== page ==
Sentiment analysis on students’ real-time feedback

  • Nabeela Altrabsheh

Student thesis: Doctoral Thesis


Previous literature identifies that students’ real-time feedback is important in the learning process. There are numerous studies that have collected students’ feedback in real time. However, they include several limitations of which the most important is analysing the feedback. In this thesis, we address these limitations by proposing a system that will automatically analyse students’ feedback in real time and present the analysis results to the lecturer. To create such a system, we propose the use of sentiment analysis.

The extensive literature highlights the importance of this research in the sentiment analysis field, as there is no research exploring sentiment analysis for students’ real-time feedback and research in the educational domain has been focused mainly on e-learning. The literature shows that emotions are also important in learning and could be detected using sentiment analysis. Consequently, this research is also important as there is little research in detecting emotion from students’ feedback.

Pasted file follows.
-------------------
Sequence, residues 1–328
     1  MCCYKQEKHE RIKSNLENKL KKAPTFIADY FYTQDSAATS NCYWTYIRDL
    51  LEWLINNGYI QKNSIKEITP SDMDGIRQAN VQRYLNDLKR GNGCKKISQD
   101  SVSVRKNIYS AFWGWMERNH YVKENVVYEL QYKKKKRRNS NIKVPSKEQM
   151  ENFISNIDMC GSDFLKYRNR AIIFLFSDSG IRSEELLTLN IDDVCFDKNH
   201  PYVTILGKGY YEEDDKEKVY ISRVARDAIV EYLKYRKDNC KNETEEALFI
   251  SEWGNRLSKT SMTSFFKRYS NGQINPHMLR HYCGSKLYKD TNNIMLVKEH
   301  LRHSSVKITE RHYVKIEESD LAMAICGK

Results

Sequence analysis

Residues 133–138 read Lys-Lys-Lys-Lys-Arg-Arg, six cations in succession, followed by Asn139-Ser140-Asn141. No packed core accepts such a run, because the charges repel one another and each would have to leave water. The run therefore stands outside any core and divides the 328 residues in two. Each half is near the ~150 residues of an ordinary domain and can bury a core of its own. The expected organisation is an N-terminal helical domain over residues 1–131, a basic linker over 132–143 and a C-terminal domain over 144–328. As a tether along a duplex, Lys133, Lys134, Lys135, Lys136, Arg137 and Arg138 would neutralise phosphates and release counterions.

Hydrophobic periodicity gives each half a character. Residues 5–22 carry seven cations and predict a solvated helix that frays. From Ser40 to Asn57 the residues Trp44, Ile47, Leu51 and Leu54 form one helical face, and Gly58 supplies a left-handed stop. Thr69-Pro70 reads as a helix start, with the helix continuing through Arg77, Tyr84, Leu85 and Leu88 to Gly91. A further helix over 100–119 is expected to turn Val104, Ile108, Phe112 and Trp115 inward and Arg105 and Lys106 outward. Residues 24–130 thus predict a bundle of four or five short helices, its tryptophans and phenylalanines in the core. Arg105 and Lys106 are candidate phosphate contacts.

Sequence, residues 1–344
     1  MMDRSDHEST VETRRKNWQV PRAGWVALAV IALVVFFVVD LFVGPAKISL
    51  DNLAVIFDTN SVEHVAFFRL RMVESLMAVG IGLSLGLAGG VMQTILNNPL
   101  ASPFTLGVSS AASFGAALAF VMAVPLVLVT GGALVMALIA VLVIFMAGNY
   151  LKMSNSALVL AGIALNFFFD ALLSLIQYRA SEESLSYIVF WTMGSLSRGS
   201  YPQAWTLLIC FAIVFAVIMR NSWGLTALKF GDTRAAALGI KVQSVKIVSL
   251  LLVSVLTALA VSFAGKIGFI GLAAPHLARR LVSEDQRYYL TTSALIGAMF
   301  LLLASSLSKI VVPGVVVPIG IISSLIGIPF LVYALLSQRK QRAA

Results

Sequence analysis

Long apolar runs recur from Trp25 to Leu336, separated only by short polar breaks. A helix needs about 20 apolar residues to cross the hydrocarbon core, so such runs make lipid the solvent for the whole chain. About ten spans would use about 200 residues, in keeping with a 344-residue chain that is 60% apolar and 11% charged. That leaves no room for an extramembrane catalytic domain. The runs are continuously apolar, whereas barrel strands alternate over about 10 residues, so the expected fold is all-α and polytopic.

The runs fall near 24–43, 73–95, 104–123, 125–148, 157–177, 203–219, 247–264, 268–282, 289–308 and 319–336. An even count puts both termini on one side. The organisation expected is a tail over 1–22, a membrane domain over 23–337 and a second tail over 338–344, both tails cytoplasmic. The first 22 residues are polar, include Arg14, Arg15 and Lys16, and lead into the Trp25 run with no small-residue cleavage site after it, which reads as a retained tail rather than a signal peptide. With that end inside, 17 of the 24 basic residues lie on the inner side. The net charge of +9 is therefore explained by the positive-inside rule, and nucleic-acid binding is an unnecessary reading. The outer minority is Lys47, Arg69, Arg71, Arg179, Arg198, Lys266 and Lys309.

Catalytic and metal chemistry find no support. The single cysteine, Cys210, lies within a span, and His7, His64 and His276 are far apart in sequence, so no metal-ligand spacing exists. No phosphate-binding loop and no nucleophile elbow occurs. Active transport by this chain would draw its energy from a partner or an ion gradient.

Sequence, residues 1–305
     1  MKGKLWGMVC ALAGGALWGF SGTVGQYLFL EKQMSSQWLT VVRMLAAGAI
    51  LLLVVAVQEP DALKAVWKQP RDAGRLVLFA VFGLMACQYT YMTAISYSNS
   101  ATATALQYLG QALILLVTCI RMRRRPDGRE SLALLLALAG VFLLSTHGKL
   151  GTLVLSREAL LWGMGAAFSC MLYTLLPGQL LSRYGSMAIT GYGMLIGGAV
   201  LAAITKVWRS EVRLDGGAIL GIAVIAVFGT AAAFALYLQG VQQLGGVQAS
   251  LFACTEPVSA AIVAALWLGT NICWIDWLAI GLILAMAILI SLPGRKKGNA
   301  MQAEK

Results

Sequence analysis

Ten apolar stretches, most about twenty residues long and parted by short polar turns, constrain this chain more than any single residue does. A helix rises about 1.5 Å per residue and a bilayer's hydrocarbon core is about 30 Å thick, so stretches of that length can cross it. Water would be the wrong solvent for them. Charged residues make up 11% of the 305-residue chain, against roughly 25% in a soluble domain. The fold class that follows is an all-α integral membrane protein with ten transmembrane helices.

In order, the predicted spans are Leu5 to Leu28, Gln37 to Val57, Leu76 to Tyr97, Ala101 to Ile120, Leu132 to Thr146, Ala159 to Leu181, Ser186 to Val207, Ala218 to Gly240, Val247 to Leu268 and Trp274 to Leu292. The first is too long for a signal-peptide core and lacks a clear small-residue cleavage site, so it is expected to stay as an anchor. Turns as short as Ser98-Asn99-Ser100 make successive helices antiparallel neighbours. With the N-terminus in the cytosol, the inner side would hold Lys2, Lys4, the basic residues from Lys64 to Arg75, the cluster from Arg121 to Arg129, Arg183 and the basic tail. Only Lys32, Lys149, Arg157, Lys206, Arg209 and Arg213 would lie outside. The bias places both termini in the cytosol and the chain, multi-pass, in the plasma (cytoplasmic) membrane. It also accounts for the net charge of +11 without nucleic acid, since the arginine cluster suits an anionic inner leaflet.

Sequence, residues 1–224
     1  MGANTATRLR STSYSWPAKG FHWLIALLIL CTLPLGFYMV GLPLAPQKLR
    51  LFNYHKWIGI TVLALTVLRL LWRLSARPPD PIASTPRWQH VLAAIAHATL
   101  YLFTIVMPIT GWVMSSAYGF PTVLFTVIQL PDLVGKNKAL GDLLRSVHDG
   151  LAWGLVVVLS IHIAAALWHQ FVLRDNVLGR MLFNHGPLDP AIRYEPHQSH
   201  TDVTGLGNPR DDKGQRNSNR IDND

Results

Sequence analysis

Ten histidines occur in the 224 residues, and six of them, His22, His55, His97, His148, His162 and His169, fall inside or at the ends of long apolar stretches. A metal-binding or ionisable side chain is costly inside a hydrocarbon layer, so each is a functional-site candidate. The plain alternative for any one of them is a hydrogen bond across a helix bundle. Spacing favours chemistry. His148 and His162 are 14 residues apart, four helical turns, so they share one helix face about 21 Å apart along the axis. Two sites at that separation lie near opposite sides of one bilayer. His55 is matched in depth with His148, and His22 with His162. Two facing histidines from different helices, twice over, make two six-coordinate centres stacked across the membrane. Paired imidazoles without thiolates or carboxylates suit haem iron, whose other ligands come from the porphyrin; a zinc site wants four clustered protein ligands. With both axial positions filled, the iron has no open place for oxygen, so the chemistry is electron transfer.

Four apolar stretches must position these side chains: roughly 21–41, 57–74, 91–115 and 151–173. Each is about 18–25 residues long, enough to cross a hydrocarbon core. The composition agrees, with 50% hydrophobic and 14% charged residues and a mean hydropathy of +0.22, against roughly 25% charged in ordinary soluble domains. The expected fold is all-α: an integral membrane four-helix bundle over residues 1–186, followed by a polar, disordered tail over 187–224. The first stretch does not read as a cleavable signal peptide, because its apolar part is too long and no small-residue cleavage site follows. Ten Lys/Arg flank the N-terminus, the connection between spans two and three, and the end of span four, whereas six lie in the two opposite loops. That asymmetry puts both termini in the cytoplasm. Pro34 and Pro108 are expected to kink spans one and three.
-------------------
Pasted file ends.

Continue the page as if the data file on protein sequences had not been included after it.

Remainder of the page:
Polarity detection is explored and two experiments were done to identify the best combination of preprocessing, features and machine learning techniques to create an optimal model for polarity detection of students’ feedback. As a result, we found that the optimal model was to use a lower level of preprocessing, unigrams for features and Complement Naive Bayes for the classifier.

Emotion detection in students’ feedback is also explored. Two experiments were done to find the optimal model to detect emotions related to learning from students’ feedback. The results showed that models which detect a single emotion have a better performance than multiple emotion models. Three emotions (i.e. Amused, Bored, and Excited) were more easily detected than others. The optimal model to detect emotion included a low level preprocessing, unigrams as features and Complement Naive Bayes as the classifier.

Sarcasm detection in students’ feedback is explored. Our results showed that the lower level of preprocessing led to the best performance. Moreover, by adding other features, such as polarity and emotions, to the unigrams, sarcasm detection increased. Lastly, the best classifier to detect sarcasm was Complement Naive Bayes.
Date of AwardFeb 2016
Original languageEnglish
Awarding Institution
  • University of Portsmouth
SupervisorElla Haig (Supervisor), Sanaz Fallahkhair (Supervisor) & Alexander Gegov (Supervisor)

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